Sunday 30 December 2018

Reviewing the Costa Novel Shortlist*

This post is a paid collaboration with Costa. All words, images and opinions are entirely my own.

This month I've been working with the Costa Book Awards to review the Novel shortlist ahead of the category winners announcement on the 7th January. I've spent the month reading the four shortlisted novels: The Italian Teacher by Tom Rachman, The Silence of the Girls by Pat Barker, Normal People by Sally Rooney and From a Low and Quiet Sea by Donal Ryan. I'm here today to give you my reviews and share my own prediction for the category winner.

The Italian Teacher by Tom Rachman
A slow-building character-driven novel with a pacy plot towards the end, The Italian Teacher begins in Rome, 1955, at a party to celebrate Bear Bavinsky. Bear is an artist with a magnetic, larger-than-life personality who seduces everyone he meets. His tendency to burn any work he is not entirely happy with creates an air of mystique and grandeur around the surviving works - making him a cult figure in the art world. But this isn't Bear's story, it's his son's - Charles 'Pinch' Bavinsky. As we read from Pinch's perspective, we begin to see Bear as an egotistical nightmare of man, who doles out rare and limited affection to his many scattered children, which they crave like a drug. The Italian Teacher explores all kinds of toxic relationships, between father and son, man and woman, artist and art.

I really enjoyed Rachman's exploration of the art world. I don't read a lot of books about art and it's something I used to really love. I know a bit about famous twentieth century artists so the references peppered throughout were quite fun for me and it was really interesting to learn a bit about how the art world works. Rachman's reflections on the importance of status and character in the art world were really thought-provoking and I found the consideration of how we leave a mark on the world and others' lives really quite moving.

The main character, Pinch, is kind of unlikeable but that isn't a downfall for me. I don't mind feeling frustrated with a character or questioning their decisions as long as I can still empathise or connect in some way. I found myself growing fond of Pinch, despite his huge flaws, because I could see myself in parts of him. The Italian Teacher is a portrait of vulnerability, loneliness and compromise who makes the reader consider what makes a life well lived.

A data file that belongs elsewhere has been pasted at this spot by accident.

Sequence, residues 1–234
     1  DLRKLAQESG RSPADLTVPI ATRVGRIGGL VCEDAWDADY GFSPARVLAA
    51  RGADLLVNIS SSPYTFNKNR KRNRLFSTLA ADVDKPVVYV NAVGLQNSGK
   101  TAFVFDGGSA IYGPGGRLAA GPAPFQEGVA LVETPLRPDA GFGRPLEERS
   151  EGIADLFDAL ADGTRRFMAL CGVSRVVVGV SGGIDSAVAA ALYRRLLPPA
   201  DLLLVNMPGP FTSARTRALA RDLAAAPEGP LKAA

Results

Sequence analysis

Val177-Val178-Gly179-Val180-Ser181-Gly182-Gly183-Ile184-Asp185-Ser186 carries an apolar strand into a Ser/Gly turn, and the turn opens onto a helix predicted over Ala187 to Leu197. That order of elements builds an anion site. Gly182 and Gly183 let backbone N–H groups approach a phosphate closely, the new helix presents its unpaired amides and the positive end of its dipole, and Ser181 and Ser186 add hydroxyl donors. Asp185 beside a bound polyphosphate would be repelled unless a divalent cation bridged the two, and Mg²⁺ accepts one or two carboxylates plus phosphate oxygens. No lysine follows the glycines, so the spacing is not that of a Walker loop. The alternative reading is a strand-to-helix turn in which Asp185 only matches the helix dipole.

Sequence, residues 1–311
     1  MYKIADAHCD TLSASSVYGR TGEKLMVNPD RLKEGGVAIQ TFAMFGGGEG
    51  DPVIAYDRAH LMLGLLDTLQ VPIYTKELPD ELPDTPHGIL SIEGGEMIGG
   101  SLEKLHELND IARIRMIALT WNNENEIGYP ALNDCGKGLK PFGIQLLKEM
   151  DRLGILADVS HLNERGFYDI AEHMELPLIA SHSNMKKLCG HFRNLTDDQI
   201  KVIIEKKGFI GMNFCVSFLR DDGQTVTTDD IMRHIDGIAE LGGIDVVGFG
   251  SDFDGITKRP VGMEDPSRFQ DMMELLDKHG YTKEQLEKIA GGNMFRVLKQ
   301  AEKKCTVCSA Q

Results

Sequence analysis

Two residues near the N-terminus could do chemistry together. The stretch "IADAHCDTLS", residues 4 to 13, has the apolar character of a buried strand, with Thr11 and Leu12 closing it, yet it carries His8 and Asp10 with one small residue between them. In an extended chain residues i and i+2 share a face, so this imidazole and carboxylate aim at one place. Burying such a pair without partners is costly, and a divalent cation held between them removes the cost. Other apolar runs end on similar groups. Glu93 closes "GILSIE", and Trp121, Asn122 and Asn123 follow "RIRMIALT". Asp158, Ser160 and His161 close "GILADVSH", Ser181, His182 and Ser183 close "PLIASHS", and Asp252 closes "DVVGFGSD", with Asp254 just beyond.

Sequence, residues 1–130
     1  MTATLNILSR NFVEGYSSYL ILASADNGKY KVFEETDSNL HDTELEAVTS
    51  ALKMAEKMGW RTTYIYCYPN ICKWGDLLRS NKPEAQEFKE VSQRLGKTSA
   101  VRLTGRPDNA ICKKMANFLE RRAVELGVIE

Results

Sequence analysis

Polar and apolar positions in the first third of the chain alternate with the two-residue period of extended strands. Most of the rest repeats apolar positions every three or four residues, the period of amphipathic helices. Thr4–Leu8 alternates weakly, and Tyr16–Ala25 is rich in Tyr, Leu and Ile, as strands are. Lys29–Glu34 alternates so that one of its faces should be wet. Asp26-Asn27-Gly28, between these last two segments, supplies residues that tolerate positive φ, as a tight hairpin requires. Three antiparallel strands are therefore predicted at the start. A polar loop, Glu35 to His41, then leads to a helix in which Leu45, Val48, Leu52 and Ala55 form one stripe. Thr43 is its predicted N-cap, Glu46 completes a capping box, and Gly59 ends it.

The Silence of the Girls by Pat Barker
The Silence of the Girls is a retelling of the Trojan War from the women's perspective. It is historical fiction in a time that we see as so far removed from our own yet the fear and horror running through it unfortunately has such relevance today. The Silence of the Girls is brutal, it is about as far away from the romanticisation of Trojan war retellings as you can get. The women are slaves, prizes for the man who slaughtered their families. Their treatment is appalling and the book doesn't allow the reader to forget this. We read from the perspective of Briseis, whose city was sacked and family murdered by Achilles and the Myrmidons, who is then taken as slave and Achilles 'prize'.

I was a little surprised that Achilles had quite so many of his own chapters in a story that is conceptualised as being focused on the women. Achilles was presented as a complex character and humanised to an extent but his brutality and complicity in the enslavement of women was never shied away from. I did appreciate that Achilles was a fleshed out character with emotions rather than just being a one dimensional villain, this human aspect of him made his brutal actions more despicable. I also appreciated that Achilles' POV was told in third person to Briseis' first person. However, I do wish there was more of Briseis, what we got of her was so raw but her story felt a bit undeveloped. In a book focused on the women it is a little strange to feel like Achilles is the more developed character - but perhaps that's the point.